I really, really would so much prefer Spriter and Spine to not implement themselves as drawing plugins. This forces the plugin to reimplement a bunch of Construct features and actually limits other creative features too. For example:
- you can't add a WebGL shader to just one part of a skeletal animation if the plugin draws the whole thing, but you can if it just controls sprite objects (e.g. make just the head flash red if hit, etc)
- you can't test for collisions with just a segment of a skeletal animation if the plugin draws the whole thing, but you can if it just controls sprite objects
- a plugin which draws the whole animation probably has to reinvent a whole asset management pipeline, but if it just controls sprites it leverages our project-wide in-editor spritesheeting engine
- Construct's support for containers allows you to treat composite objects as if they were one instance in the events
Personally I am convinced that these plugins should not use the drawing APIs and should simply act as controllers for sprites. This makes it much more flexible for the user, and avoids clunky reinventions of existing parts of Construct. I discussed this at length with a Spine developer a while ago and I thought they agreed; one of the outcomes of that discussion was the decision provide a custom import process so they can conveniently generate all the necessary sprites on import, so I filed this issue as a TODO for that work. Perhaps not all the Spine developers are aware of this approach.
We could add the drawing APIs they want, but one of the reasons we're holding off is because those features don't work in the canvas2d renderer. From the user's point of view, this will manifest as the plugin randomly not working on a small percentage of devices. I intend to make the C3 runtime the point where we unilaterally drop the canvas2d renderer, at which point we can go to town with these kinds of features. However even then it has the drawbacks listed above, and the C3 runtime is still some way off.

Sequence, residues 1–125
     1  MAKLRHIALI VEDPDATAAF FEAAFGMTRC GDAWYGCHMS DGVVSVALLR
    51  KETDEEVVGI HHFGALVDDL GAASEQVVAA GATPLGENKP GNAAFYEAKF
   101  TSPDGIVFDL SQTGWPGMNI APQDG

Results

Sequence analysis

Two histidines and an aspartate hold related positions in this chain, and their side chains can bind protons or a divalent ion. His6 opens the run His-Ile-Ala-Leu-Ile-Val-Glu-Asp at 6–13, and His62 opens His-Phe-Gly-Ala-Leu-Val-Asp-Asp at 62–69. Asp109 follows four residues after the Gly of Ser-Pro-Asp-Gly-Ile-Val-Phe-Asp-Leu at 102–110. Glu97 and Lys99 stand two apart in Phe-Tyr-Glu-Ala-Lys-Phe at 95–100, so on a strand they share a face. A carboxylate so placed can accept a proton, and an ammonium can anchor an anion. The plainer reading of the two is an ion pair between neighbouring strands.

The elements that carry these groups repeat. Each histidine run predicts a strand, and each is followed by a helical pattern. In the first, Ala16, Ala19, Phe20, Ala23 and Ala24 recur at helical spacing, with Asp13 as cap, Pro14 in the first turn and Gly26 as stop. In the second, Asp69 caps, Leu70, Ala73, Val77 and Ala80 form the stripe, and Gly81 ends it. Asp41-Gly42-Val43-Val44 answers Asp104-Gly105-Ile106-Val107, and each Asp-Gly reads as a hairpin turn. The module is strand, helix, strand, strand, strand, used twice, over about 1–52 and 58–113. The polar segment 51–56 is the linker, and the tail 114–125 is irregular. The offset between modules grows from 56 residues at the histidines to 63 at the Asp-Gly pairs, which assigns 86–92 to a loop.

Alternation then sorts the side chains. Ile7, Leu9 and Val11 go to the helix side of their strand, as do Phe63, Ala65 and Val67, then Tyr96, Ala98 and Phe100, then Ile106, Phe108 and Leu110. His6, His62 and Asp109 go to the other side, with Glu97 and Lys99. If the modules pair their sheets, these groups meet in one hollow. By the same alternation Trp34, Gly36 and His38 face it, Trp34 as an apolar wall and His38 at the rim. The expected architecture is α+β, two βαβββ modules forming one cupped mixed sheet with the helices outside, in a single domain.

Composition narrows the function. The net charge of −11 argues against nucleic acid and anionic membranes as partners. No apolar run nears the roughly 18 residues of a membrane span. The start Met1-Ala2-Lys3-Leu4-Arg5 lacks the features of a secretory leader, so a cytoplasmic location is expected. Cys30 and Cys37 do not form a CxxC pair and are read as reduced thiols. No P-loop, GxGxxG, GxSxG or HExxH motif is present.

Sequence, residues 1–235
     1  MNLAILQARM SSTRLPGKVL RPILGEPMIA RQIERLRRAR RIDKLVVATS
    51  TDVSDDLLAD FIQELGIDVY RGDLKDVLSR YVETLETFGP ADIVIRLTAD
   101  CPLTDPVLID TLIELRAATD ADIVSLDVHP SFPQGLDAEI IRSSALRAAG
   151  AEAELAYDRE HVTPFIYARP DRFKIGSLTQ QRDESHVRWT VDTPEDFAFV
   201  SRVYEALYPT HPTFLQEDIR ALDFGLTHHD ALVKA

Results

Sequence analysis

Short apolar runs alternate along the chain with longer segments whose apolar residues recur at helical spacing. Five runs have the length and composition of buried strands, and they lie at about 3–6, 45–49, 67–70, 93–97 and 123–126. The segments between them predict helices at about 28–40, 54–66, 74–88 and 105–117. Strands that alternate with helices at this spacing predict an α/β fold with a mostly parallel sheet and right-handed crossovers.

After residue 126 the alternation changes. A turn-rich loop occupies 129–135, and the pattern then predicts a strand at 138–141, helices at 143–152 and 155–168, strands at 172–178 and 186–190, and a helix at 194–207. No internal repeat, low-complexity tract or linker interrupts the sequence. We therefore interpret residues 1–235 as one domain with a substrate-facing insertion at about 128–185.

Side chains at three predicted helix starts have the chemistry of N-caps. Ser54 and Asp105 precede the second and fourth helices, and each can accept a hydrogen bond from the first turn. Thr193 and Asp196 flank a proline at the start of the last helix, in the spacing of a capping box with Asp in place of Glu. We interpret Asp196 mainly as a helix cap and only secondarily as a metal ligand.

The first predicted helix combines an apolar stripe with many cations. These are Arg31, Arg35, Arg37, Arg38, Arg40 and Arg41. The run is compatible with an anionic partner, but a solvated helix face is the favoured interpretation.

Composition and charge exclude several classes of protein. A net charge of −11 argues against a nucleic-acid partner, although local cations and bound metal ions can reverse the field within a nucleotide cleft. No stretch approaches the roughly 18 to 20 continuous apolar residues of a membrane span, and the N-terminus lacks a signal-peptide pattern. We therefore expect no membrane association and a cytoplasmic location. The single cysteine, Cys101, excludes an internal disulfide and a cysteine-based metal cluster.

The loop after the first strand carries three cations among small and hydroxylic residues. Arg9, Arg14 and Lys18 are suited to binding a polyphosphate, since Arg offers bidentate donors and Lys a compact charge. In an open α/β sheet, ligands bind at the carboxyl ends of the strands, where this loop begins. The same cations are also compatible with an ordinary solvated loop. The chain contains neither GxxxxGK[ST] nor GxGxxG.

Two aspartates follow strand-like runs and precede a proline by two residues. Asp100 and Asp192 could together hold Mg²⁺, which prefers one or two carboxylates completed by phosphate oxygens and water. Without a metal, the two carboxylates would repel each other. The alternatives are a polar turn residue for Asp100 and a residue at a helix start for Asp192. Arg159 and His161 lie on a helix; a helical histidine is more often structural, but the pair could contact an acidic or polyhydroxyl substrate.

Rather than adding new drawing APIs, I would much rather add any extra APIs to allow them to act as controllers, and have a good workflow for importing and updating. That's why I filed the custom importers TODO issue. I am totally willing to co-operate with any developers who want to take this approach and refine the SDK to make it work well. I can't force them to, and they might make drawing plugins anyway, but I hope at least one of them take me up on this offer!
Spine, Creature, and Spriter 2 would all use polygon meshes to render their parts, as opposed to rigid sprites. As far as rigid sprite animations like Spriter 1 (or if C3 gets a deformable polygon mesh object, and we went with that), the only issue was that since all objects would be in a single container, they would all need to be present at all times (unless containers don't work like that anymore). This means that if you have sprites that only briefly appear in one of the several animations, or small objects composed of several sprites, of which there would be hundreds of instances, there comes an ever increasing overhead of sprite objects created that don't do much but sit around, invisibly, and wait to be used. Even when I added functionality to disable all animations on objects that were off screen, having hundreds of idle Spriter objects in a level (composed of more hundreds of individual sprites), the overhead of having all of those idle sprites made it run much more slowly than when I enabled the self-drawing mode, even though animations weren't being calculated or applied at all.
[quote:3p2kc0q6]a plugin which draws the whole animation probably has to reinvent a whole asset management pipeline, but if it just controls sprites it leverages our project-wide in-editor spritesheeting engine
'm not sure why this would be. The C2 plugin for Spriter was eventually expanded to allow users the choice of the import process we worked together on, and control individual sprites, or to allow them to load a single spritesheet image and draw itself. The plugin handled the splitting up of the spritesheet itself, though, so perhaps this is what you mean?
[quote:3p2kc0q6]you can't test for collisions with just a segment of a skeletal animation if the plugin draws the whole thing, but you can if it just controls sprite objects
this does pose a problem. For the Spriter plugin, in self-drawing mode, you had the option of having the plugin still create just the collision sprites, and so the API you mention would still be quite useful. Another alternative would be if there was the ability to have multiple collision types/shapes on the same object, and plugins could test if any or a particular one registered an overlap or collision.
What about the issues of using sprites for everything?
For example you can't define hotspots, or image points at any other time than on import.
Another might be that you can't decide what frames are loaded on creation.
These should be features accessible to the object, and not only available to a behavior.
or the hotspots with the scml plugin on C2, since Spriter has animatable pivot points, we just had all of the sprites generate as 0,0 hotspots, and then the plugin did the hotspot math to compensate.